Former Linebacker Sues NFL And Houston Texans For Injury At NRG Field
DeMeco Ryans, a former linebacker for the Philadelphia Eagles, has filed a $10 million lawsuit against the NFL and the Houston Texans. Ryans attributes a career-ending injury to poor field conditions at NRG Stadium. He blames the Texans for installing a field with an uneven surface and the NFL for allowing games to be played on it.
Ryans tore his Achilles tendon during a game against the Texans on November 2, 2014. At that time, the field was covered with StrathAyr Natural Turf Modules. StrathAyr’s website describes the system as an “instant lawn.” The system consists of 8-foot square modules that are laid over the existing stadium surface to create a natural turf. The modules can be removed for events that do not need grass, and are designed so that individual modules can be replaced if they show signs of wear.
According to StrathAyr’s website, NRG (formerly Reliant) Stadium purchased the system in 2002. The Stadium removed the turf modules about twenty times a year in order to host rodeos, monster truck rallies, Disney on Ice, basketball, and other events that do not require a grass field. The website also claims that the modules were removed in 2015 “and are now undergoing refurbishment.”
According to the NFL, however, the Texans decided to “ditch” the field in response to player complaints and injuries. Among the injured players are Texans’ pass rusher Jadeveon Clowney, who hurt his knee after stepping in a hole on the turf; Patriots’ wide receiver Wes Welker, who attributed an ACL tear to the field; and Texans’ punter Brett Hartmann, who blamed the turf for an ACL injury and fractured bone.
The field conditions at NRG have been disparaged by players for years. Coaches Bill Belichick and Tony Dungy have also criticized the field. The primary complaint is that seams between turf squares come apart during play, creating gaps in which players’ feet become stuck. After calling the field “terrible” and “inconsistent,” Belichick explained:
It's all the little trays of grass and some of them are soft and some of them are firm and they don't all fit well together, those seams. ... Some of it feels like a sponge, some of it feels real firm and hard like the Miami surface. One step you're on one, the other step you're on another. I really think it's one of the worst fields I've seen.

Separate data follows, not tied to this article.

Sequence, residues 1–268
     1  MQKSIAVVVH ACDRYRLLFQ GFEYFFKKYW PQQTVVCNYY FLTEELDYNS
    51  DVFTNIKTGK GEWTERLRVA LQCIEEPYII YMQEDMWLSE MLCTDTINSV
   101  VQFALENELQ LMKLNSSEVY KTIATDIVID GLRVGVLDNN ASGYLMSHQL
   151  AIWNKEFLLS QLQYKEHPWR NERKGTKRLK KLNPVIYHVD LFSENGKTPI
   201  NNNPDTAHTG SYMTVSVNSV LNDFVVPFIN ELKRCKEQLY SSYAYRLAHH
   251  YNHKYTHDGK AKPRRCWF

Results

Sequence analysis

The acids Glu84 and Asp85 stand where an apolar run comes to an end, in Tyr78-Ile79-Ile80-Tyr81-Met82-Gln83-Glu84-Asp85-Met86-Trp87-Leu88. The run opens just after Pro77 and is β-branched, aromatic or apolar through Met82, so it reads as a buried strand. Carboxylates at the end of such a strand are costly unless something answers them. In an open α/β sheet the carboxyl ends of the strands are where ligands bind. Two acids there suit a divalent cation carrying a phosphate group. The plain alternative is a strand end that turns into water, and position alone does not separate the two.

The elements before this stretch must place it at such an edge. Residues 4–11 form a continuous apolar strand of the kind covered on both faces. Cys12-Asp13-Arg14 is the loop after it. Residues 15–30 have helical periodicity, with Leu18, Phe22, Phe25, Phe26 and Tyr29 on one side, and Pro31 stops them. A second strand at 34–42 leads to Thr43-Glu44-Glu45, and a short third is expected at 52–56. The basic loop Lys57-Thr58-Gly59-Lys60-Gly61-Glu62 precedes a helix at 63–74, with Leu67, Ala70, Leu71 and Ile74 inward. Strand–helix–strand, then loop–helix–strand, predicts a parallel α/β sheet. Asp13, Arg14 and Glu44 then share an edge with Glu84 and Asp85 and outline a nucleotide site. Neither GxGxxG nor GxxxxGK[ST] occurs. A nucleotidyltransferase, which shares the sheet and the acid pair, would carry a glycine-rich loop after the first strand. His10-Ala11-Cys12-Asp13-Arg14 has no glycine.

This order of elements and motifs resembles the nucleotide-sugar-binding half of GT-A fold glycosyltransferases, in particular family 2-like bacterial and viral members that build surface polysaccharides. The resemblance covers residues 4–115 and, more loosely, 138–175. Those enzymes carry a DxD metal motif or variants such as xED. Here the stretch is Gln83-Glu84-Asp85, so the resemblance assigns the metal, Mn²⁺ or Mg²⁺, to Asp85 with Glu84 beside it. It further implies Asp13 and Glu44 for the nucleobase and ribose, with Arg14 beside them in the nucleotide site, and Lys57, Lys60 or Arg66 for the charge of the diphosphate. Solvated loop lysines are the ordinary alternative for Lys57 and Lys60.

The stadium switched to FieldTurf in 2015. The manufacturers of the popular artificial turf claim that it is at least as safe as, and possibly safer than, natural grass fields.
Ryans is not the first player to seek compensation for an injury sustained while playing at NRG. Hartmann, the Texans’ former punter, sued the county agency that owns the stadium but not his former team.
Ryans, on the other hand, sued not just the Houston Texans and Australian-based StrathAyr, but also the NFL. He asserts that StrathAyr manufactured and sold a product that is dangerous to athletes, and that the Texans and the NFL were both negligent in allowing games to be played on it.
The lawsuit alleges that “the patchwork modules caused continuity problems that include gaps, seams, indentations and lifted areas that can cause players to land awkwardly, trip, stumble, or have toes or feet caught in the turf.” Ryans contends that the Texans did nothing to remedy the problem until top draft choice Jadeveon Clowney, “their ultimate prize player,” was injured.
The NFL requires teams to certify before each home game that its playing surface meets NFL guidelines. The NFL’s alleged failure to enforce its guidelines at NRG may expose the NFL to liability.
Ryans’ attorney acknowledges that football is a dangerous sport, but argues that Ryans’ injury was preventable. Unlike injuries caused by contact, Ryans’ noncontact injury was caused by the StrathAyr field. Had the field been replaced years ago, when its problems first became apparent, Ryans’ lawyer believes that his client, a former NFL Defensive Rookie of the Year, would still be earning a hefty NFL salary.
Whether Ryans will recover damages from StrathAyr, the Texans, or the NFL will probably not be known for years. The lawsuit sends a message, however, that sports stadiums have an obligation to maintain playing surfaces that do not endanger players.
Photo Credit: Silver Football and NFL Logo Over Bronze Silk Background, by C_osett, Public Domain.